On new beginnings
TL;DR #179 – 1/5/2019
Hi all, welcome to 2019. Hopefully you’ve started some new intentions for the new year after spending some time reflecting. I know I have.
This holiday break was relatively busy. I sent out two research manuscripts, and an abstract for an upcoming themed issue.
- Pre-Service Educators Developing a Domain of One’s Own – This manuscript details research conducted with a colleague, Tracey Hunter-Doniger, as we explore our work as pre-service teachers develop professional/personal websites. We shared the Google Doc here to allow you to review & comment. Feedback will be used & appreciated. 🙂
- Math, music, & transdisciplinarity: Pre-service teachers’ design of instruction mediated by technology – I conducted this research with my STEAM Research Team at CofC (Nenad Radakovic & Tracey Hunter-Doniger). We conducted this work, and wrote the manuscript together with two of our students.
- Educate, Empower, Advocate: Amplifying marginalized voices in a digital society – This abstract was sent out to CITE for a special call on Technology and Teacher Education in Troubled Times.
- Create a Screentime Contract with your child – As your child receives some new tech, it’s a good time to start a discussion about the use and expectations of this tool.
- Imagine if we could cast aside screentime – A response to a recent NY Times Opinion about avoiding devices for the upcoming year.
- Video – Creating a Domain of Their Own For Educators (& Students) in Early Childhood Education – This year I’m going to steadily work on sharing more content to my YouTube channel. This video is a recording of the keynote I gave to the Early Childhood Summit in 2018.
This video is cringeworthy…and hilarious at the same time. It is nine years old, but for some reason it popped to the top of my YouTube feed this week.
It’s a great discussion starter for discussions about tech.
This story came out a week ago, but it’s important to keep our eyes on. Technically, it came out a little more than a year ago, but it’s been bubbling up in our news feeds again.
For better or worse, Facebook is our digital commons. Many of us gather there to communicate, share, and connect. Constantly under fire for stirring up distrust and violence, the social network has vowed to clean up the social network, but leaked documents raise serious questions about its approach.
Facebook’s approach is to outsource this work to contractors, and keep them informed/organized with a stack of PowerPoint slides reducing discussion moderation to a simple equation. My thinking is they’re using this work to teach machine learning algorithms, and will soon automate the process…for better or worse.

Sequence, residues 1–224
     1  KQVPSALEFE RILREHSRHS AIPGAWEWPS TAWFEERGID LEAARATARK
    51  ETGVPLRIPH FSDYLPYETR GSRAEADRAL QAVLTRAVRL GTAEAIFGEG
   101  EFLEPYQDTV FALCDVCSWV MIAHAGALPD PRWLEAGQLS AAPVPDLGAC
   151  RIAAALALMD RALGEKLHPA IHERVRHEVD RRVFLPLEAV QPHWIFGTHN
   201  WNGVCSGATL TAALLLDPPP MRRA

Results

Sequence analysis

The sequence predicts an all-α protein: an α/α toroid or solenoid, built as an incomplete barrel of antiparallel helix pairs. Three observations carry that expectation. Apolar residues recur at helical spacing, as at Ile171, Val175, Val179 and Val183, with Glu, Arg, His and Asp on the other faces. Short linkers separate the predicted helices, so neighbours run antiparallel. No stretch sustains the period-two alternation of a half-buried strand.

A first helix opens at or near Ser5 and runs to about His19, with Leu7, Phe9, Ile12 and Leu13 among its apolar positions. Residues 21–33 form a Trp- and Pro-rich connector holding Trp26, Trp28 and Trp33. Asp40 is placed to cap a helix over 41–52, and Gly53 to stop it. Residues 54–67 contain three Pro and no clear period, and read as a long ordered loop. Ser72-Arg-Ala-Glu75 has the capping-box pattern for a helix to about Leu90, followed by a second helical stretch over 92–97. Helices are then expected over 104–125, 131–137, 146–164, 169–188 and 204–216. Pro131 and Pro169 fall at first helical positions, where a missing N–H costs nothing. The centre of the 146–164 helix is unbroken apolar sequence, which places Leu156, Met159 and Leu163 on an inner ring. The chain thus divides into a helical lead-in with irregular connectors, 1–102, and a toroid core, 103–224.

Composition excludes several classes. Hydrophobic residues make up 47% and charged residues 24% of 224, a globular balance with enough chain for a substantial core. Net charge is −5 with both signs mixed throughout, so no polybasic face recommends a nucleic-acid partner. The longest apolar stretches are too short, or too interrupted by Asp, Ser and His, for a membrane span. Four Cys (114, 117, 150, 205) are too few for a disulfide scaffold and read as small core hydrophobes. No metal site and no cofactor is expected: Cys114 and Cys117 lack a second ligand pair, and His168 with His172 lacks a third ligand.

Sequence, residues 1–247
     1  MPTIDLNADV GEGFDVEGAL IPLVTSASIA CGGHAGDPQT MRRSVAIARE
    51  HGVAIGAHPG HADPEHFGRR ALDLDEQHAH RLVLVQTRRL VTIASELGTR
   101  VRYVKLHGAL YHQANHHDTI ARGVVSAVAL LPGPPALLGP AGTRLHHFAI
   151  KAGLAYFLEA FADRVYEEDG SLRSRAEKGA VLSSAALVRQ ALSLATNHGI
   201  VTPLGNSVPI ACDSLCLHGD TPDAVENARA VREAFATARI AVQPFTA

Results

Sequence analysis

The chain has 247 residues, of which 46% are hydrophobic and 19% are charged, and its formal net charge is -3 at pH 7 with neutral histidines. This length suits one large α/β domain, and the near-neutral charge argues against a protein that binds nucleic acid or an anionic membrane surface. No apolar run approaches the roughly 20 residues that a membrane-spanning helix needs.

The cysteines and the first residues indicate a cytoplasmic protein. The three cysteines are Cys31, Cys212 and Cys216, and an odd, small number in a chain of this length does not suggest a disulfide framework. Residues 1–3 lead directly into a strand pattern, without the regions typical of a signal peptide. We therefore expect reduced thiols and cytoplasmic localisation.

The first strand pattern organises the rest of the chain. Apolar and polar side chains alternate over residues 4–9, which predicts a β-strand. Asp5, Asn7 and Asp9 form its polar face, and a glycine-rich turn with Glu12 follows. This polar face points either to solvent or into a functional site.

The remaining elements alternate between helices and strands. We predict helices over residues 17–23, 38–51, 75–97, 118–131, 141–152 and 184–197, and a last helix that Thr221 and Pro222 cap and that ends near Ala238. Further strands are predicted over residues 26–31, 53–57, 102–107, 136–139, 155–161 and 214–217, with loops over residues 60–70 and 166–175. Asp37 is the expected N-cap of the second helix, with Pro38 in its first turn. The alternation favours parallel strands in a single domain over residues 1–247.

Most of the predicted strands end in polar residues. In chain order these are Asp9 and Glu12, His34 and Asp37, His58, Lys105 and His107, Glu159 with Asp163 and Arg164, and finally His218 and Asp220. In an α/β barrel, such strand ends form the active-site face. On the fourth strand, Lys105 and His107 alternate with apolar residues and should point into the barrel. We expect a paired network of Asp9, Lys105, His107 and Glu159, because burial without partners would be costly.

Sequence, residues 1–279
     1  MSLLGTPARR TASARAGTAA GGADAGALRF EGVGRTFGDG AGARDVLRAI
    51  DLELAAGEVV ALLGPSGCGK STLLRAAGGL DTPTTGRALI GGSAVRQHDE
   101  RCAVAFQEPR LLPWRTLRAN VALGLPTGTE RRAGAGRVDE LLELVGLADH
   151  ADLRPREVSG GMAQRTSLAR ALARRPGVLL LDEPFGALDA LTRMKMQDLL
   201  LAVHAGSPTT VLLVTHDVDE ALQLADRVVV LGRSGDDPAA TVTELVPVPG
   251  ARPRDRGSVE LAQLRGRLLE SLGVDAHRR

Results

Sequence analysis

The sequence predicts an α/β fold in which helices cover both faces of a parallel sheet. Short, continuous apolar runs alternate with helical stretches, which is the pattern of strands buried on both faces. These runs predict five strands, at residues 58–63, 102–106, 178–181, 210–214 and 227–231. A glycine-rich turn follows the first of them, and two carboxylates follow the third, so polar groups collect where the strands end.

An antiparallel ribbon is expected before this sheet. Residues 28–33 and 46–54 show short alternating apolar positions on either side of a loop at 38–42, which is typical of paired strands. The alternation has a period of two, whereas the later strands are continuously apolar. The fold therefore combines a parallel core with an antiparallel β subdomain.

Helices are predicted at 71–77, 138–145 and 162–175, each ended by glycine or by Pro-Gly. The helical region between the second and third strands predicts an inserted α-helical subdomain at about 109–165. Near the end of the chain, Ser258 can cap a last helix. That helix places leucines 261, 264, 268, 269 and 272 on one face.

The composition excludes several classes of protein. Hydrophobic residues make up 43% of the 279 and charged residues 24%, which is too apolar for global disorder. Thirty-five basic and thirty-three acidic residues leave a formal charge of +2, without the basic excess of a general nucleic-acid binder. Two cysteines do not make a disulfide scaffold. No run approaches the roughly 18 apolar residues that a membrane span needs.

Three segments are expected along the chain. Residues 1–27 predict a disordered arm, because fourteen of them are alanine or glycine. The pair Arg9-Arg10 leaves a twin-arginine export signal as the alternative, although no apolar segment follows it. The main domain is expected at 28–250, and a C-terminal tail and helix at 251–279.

Keep in mind this is much more than making all kids coders and programmers.
But just engaging more students in coding has never been our top priority. Rather, our educational mission is to engage students in thinking creatively, reasoning systematically and working collaboratively—essential skills for everyone in today’s society. From the beginning, we integrated Scratch coding activities into an online community, so that students can provide feedback, inspiration and encouragement to one another. And we took a project-oriented approach so that students can learn to express themselves creatively and develop their creative capacities.
Read more about the announcement from the Scratch Team.
Urban planners and researchers at MIT found that it’s shockingly easy to “reidentify” anonymized data that people generate all day…especially in cities.
Yuval Noah Harari is one of my favorite authors. His book Sapiens is excellent, and has been gifted many times. His new book, 21 Lessons for the 21st Century is waiting for me as soon as I finish The Three Body Problem.
This essay by Harari shares insight into what will really matter for our futures. The key…reinvention. To keep up with the world of 2050, you will need to do more than merely invent new ideas and products, but above all, reinvent yourself again and again.
MacKenzie and Bhatt start with a simple series of questions, and problematize this while looking at future contexts. What is the difference between a lie, bullshit, and a fake news story? And is it defensible to lie, bullshit, or spread fake stories?
From the general WTF section comes this story.
Luddites of the world unite!!! Individuals in Chandler, Arizona are lashing out at driverless cars by slashing tires, pelting them with rocks, and threatening riders with PVC pipes.
At the same time, I’ve been thinking about cleaning up my digital identities. Think about your digital goods and identities. What brings you joy?
Every new beginning comes from some other beginning’s end.
TL;DR is a summary of all the great stuff from the Internet this week in technology, education, & literacy. Please subscribe to make sure this comes to your inbox each week. You can review archives of the newsletter here.
Also published on Medium.